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Wednesday, May 31, 2006

May 29: anniversary of the fall of Constantinople

David Hartline (the Catholic Report) notes this sad anniversary and observes that radical Islam has not changed much over the centuries. It's referred to as the Black Tuesday, May 29, 1453, when the Ottoman Empire conquered Constantinople 656 years ago. With that invasion came the death of the last Byzantine emperor and the end of the Byzantine empire. Some eye-openers in that wiki link are the occasions prior to that when Rome and Constantinople were actually negotiation a reunification of the two lungs of the Catholic Church. I think that classic adage will always hold true: united we stand, divided we fall. The Lord did say that a kingdom divided against itself cannot stand, and so it couldn't. But he did promise that the very gates of hell would never prevail against his Church, which stands to this day but is ailing from within. The Schism with the East has yet to end, but we hope will, very soon. The division with the Protestants remain, and is perhaps most poignant in the continuing feuds between Protestant and Catholic Ireland, where the divisions are deadly. But even that can be mended, not because we have the capacity to mend those divisions, but because the Holy Spirit does, and the need is greater than ever. How is the need greater than before, when Mehmed II was besieging Constantinople? I think it's because this time, the danger attacks from within the Church, from people inside who have started hating themselves and their own heritage. Now, more than ever, we need our brothers and sisters from the Orthodox Church to remind us and the world just what Catholic really means. It isn't coincidence that, while many of our own pastors have forgotten that, and have shunned orthodoxy, our greatest help can come from the Orthodox Church. It's easy to theorize that our Catholic heritage was born of innovations by the Roman Catholic Church. The only thing that spoils those theories is a good, hard look at the same heritage coming from the Orthodox Church -- which is not Roman at all.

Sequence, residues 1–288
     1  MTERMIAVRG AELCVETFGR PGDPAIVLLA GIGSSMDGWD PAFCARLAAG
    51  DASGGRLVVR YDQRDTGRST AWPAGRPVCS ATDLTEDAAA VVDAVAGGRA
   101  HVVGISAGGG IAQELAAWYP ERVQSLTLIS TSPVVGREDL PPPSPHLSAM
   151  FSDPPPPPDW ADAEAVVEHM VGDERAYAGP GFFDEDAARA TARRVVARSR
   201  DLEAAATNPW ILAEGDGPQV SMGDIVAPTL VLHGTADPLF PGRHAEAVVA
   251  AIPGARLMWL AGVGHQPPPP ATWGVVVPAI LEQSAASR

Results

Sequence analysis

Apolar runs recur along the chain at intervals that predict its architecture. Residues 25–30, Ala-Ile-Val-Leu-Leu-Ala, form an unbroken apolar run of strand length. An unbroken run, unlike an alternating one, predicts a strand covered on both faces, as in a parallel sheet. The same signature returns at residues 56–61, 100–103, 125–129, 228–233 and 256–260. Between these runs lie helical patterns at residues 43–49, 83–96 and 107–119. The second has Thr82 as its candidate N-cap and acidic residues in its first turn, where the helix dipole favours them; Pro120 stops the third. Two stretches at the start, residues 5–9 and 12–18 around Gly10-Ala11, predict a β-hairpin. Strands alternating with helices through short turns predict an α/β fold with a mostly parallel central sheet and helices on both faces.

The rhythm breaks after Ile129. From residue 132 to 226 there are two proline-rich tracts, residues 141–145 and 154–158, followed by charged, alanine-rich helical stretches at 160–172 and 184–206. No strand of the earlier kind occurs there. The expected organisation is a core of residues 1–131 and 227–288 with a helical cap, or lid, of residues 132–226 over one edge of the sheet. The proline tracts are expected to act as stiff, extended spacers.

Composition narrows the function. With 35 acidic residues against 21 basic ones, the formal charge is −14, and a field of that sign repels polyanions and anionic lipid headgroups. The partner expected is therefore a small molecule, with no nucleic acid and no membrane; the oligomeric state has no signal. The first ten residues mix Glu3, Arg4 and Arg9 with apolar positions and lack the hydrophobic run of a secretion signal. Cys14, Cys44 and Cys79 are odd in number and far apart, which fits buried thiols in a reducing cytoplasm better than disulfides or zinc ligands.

While we mourn for Constantinople, as we must, I think there is enough room in our hearts, after 647 years, to also hope.

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